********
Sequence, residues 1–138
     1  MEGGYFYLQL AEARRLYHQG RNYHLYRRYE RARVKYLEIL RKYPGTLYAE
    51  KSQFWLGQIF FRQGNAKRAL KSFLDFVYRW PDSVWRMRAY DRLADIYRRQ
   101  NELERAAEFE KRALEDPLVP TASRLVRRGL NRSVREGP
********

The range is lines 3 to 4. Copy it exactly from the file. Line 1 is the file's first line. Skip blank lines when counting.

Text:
    51  KSQFWLGQIF FRQGNAKRAL KSFLDFVYRW PDSVWRMRAY DRLADIYRRQ
   101  NELERAAEFE KRALEDPLVP TASRLVRRGL NRSVREGP